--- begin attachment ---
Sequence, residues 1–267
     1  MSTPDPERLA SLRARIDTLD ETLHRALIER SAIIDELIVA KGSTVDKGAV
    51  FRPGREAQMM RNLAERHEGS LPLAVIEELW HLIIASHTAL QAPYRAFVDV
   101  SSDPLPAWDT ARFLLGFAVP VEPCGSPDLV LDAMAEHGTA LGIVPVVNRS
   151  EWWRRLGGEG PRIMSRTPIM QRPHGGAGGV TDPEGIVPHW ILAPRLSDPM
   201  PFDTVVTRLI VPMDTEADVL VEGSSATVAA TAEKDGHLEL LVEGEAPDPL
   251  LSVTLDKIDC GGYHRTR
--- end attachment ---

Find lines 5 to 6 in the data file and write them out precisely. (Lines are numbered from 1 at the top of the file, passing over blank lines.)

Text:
   151  EWWRRLGGEG PRIMSRTPIM QRPHGGAGGV TDPEGIVPHW ILAPRLSDPM
   201  PFDTVVTRLI VPMDTEADVL VEGSSATVAA TAEKDGHLEL LVEGEAPDPL